1887
Volume 37, Issue 3
  • ISSN 0302-5160
  • E-ISSN: 1569-9781
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Abstract

The paper traces how the American linguist William Dwight Whitney (1827–1894) and his intellectual descendants anticipated, and in part influenced, modern-day discussions of ‘lexical diffusion’, the piecemeal spread of phonological changes both through an individual speaker’s word-inventory and speaker-to-speaker through an entire community. Whitney regarded these two processes as inextricably linked; he also stressed comparison between different speech communities in search of locally distinct diffusionary patterns that challenged the Neogrammarian regularity hypothesis. Recent discussions of these and other aspects of lexical diffusion suggest that comparative-local studies, such as Whitney pioneered, remain essential for working out the explanatory nexus between lexical diffusion’s internally-phonological and social contexts.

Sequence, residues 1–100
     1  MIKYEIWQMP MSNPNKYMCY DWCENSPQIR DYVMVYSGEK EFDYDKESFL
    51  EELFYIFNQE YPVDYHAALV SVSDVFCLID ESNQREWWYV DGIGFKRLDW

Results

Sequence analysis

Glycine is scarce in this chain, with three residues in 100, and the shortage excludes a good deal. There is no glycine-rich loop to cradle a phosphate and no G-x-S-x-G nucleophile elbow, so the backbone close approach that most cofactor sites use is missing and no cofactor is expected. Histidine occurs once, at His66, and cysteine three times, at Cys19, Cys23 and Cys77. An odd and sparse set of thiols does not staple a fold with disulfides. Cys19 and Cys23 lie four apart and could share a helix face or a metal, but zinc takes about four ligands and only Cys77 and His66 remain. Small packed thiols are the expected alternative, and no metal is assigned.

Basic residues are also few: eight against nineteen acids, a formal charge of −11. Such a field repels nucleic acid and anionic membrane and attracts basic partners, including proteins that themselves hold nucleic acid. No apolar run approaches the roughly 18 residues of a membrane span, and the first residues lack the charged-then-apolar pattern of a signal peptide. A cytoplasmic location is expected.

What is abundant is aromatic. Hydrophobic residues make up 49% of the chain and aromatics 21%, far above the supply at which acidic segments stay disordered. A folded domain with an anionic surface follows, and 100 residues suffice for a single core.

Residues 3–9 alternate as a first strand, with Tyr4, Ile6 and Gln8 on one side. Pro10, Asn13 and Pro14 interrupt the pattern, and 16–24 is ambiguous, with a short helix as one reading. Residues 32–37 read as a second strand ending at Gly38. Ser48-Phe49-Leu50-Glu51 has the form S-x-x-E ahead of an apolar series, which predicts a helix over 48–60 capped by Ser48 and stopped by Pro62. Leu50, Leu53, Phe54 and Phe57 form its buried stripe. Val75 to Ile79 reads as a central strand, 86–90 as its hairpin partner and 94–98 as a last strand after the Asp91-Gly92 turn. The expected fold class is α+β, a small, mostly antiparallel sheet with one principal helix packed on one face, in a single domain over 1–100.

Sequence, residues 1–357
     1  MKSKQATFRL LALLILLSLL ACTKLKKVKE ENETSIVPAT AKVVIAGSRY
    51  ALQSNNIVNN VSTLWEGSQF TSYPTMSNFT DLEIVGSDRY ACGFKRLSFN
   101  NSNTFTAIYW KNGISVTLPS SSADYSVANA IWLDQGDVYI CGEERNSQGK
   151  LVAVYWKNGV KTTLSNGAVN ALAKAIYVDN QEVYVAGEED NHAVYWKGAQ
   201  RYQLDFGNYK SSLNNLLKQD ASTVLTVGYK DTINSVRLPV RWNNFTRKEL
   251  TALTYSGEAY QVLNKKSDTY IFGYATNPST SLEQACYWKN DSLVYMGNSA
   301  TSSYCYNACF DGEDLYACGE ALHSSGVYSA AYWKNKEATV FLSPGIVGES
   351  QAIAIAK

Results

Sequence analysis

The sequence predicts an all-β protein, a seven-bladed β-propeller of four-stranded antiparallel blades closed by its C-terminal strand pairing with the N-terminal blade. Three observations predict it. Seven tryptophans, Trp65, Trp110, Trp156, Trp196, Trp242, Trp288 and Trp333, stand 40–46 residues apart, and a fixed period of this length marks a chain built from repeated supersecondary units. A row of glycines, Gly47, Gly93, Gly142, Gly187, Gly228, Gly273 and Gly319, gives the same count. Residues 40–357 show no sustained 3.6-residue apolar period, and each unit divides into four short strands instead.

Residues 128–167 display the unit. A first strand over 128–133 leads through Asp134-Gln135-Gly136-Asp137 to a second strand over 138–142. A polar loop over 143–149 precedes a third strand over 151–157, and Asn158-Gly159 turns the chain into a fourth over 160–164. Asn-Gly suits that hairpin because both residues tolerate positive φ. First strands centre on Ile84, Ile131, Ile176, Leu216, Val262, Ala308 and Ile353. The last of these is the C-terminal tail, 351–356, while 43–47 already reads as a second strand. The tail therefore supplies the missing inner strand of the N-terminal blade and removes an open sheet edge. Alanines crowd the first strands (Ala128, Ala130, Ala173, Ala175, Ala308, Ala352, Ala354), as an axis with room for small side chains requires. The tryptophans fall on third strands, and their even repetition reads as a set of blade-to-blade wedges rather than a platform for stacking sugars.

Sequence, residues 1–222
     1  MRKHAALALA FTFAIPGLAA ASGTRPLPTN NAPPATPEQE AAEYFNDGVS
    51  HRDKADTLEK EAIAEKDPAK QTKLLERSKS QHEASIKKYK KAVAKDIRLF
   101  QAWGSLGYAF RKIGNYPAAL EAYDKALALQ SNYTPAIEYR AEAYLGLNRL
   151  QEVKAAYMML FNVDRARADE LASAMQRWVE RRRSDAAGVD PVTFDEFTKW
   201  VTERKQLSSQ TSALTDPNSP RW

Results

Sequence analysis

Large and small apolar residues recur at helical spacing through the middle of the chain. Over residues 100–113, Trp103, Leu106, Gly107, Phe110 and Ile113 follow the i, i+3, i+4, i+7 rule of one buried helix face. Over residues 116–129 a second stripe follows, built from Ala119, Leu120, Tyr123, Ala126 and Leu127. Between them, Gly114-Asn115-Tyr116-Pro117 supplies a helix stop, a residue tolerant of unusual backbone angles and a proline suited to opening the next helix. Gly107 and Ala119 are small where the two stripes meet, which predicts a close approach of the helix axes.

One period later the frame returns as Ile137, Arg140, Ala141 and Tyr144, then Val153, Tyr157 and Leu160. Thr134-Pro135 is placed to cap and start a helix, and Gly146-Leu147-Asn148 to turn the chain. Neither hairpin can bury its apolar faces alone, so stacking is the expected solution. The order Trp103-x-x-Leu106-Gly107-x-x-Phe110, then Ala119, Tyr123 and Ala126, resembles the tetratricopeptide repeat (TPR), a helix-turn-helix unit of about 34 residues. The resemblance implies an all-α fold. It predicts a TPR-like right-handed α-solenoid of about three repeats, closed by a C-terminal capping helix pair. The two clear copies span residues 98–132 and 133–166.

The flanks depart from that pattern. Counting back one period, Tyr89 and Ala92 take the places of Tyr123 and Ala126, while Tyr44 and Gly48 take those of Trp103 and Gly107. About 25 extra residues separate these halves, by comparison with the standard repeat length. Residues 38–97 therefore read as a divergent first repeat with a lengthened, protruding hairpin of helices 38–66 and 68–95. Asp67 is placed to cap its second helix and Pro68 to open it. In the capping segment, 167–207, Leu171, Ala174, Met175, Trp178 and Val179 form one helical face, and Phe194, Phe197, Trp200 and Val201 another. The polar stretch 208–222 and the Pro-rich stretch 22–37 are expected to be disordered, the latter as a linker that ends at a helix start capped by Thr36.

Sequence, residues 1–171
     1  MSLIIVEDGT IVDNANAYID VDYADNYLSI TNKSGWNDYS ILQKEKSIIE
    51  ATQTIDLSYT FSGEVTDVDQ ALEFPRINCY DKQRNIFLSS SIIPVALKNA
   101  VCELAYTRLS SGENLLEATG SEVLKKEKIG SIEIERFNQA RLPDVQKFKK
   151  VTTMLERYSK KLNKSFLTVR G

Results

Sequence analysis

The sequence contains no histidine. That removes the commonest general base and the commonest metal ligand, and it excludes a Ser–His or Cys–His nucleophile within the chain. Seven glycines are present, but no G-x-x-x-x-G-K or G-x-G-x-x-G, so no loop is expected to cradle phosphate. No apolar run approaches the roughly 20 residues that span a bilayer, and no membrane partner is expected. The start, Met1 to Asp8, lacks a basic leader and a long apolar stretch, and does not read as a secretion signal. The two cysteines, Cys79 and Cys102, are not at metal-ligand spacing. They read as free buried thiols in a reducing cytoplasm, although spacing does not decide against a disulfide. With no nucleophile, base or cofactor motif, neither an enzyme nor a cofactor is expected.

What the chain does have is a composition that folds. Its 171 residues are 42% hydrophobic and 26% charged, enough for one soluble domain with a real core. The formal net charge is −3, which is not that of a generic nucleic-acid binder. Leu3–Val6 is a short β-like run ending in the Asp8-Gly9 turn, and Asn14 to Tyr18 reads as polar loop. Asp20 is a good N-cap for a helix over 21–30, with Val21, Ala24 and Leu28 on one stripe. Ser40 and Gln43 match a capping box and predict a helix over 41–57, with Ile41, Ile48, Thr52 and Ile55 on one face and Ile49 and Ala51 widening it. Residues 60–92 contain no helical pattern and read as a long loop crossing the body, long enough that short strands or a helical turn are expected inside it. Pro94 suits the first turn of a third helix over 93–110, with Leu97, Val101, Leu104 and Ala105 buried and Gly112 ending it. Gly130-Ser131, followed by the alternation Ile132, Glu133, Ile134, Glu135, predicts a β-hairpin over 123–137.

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/content/journals/10.1075/hl.37.3.02alt
2010-01-01
2019-10-23
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References

http://instance.metastore.ingenta.com/content/journals/10.1075/hl.37.3.02alt
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  • Article Type: Research Article
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